Trump must put rural America to work
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Many rural communities, especially forest-dependent communities, have yet to recover from the economic downturn. In fact, some areas like northern Maine or parts of the South are still losing forestry and manufacturing jobs as we speak.

These communities have taught us difficult lessons that if rural America is not working, then rural lands, both public and privately owned, aren't working either. Without strong rural economies, landowners and land managers struggle to care for our forests to provide clean air and water, wildlife habitat, and the wood products all Americans depend on.

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We need look no further than the West. As the forest industry has disappeared across this landscape, so have the mills, rural jobs for foresters, and private and public land owners’ capacity to manage forests. The result is overgrown and dying forests with over 100 million dead trees. These forests are just waiting to burn at catastrophic levels, wildfires which are not just devastating for landowners, but also destroy drinking water supplies for urban and rural areas, and wildlife habitat. 

Yet, this problem can be solved. When rural economies thrive, so do our rural lands.

Donald TrumpDonald John TrumpCould Donald Trump and Boris Johnson be this generation's Reagan-Thatcher? Merkel backs Democratic congresswomen over Trump How China's currency manipulation cheats America on trade MORE’s administration has the chance to deliver on both the economy and the environment. To get this job done, Trump must focus on an agenda that puts rural Americans and rural lands to work. While there are many strategies that can be pursued, a few can be deployed today with significant results.

Tackle the wildfire problem

There is no one solution to this challenge but there are steps we can take right now. First, we need to change how we pay for wildfire fighting in the federal agencies and treat wildfires like the natural disasters they truly are. If we don't do this, the federal agencies will have less ability to get ahead of this problem with proactive forest management as the costs of wildfires grow.

Second, we need to change our forest management and restoration model to get rural economies and rural lands working. Right now, there are no cost-effective outlets for the byproducts of reducing wildfire risk because most areas in the West have lost markets for wood. This in turn means we are spending as much as $5,000 per acre for treating the land to reduce fuel loads.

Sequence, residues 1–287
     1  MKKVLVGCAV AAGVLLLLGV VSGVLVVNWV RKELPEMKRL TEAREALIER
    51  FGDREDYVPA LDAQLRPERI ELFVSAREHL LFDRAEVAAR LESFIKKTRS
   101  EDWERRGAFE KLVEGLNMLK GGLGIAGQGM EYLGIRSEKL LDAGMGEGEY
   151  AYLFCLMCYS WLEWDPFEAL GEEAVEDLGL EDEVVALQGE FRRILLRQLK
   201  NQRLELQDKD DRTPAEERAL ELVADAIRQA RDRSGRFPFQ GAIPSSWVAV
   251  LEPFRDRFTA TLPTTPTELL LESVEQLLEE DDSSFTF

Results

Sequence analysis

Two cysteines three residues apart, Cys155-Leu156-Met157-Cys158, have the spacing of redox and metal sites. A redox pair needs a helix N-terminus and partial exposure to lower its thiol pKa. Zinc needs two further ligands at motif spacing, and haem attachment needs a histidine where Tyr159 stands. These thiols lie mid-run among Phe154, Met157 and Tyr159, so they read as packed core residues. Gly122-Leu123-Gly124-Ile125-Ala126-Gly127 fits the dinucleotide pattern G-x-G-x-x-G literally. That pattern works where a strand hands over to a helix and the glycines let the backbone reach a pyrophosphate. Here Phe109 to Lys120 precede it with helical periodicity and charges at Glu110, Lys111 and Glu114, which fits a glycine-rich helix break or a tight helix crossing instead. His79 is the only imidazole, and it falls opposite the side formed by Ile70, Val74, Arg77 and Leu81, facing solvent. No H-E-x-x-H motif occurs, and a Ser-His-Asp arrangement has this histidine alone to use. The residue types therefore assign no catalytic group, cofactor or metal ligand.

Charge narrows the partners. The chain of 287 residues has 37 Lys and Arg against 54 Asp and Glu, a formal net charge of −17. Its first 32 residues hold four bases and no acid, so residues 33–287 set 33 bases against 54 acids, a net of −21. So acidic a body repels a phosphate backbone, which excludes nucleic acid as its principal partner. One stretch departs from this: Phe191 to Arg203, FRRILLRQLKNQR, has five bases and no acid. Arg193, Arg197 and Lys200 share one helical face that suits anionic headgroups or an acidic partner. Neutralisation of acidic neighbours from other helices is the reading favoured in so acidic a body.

A different model should be tested. Trump must invest in infrastructure, including mills, contractors and loggers, that can provide sustained solutions and market-based funding options. Other creative financing mechanisms, such as Forest Resilience Bonds, should be explored to bring private capital to tackle this immense challenge. 

Third, we need to better utilize existing resources to tackle wildfire. Because wildfires know no boundaries, more strategic, targeted landscape based treatments are needed to adequately reduce risk and protect communities, clean water and other resources. Working cross boundary on public lands and private lands and with landowners will help make efforts more effective. Tools like good neighbor authority, stewardship contracting and cost-sharing programs for landowners should be deployed simultaneously in order to make a difference on the mosaic of land ownerships across the west.

Revitalize the forest products sector 

Without strong and diverse markets that use both high and low quality wood, our rural forested lands and rural economies will continue to suffer. New developments in building taller buildings with wood, which can be cheaper, faster, and more environmentally friendly, should be pursued. The federal government can pave the way for this by encouraging innovation and exploration of this market.

The use of other forest-based products, such as paper, lumber and energy from biomass should be encouraged. The Trump administration should remove regulatory barriers, such as exclusive preferences set by the Environmental Protection Agency (EPA) that ban the use of certain types of U.S. grown lumber.

Be smarter about wildlife conservation

Too many wildlife remain threatened, endangered or at risk. Public lands alone can't address all these species. Rather than use regulation on private land and limit working lands, we need to harness the passion that private landowners have for wildlife by making it easier and less risky for them to help and by recognizing that working rural lands will provide more benefit to species in the long run. The government should provide regulatory assurance for landowners, and provide targeted cost-share and technical assistance tools to help landowners address these issues across a landscape.

We can also change how we manage at-risk wildlife. Currently, the Endangered Species Act takes a species by species approach to managing for threatened and endangered species. By taking a habitat approach that allows landowners to manage for multiple species at once, we can speed recovery and provide landowners with more flexibility.

Smart approaches to rural lands will help revitalize these communities. It’s up to Trump and his administration to implement policies to put rural America back to work.

Tom Martin is the President and CEO of the American Forest Foundation, a forest conservation organization that helps private and family forest landowners keep their forests productive to provide the clean water, wildlife habitat and wood supplies that Americans count on.


The views expressed by contributors are their own and not the views of The Hill.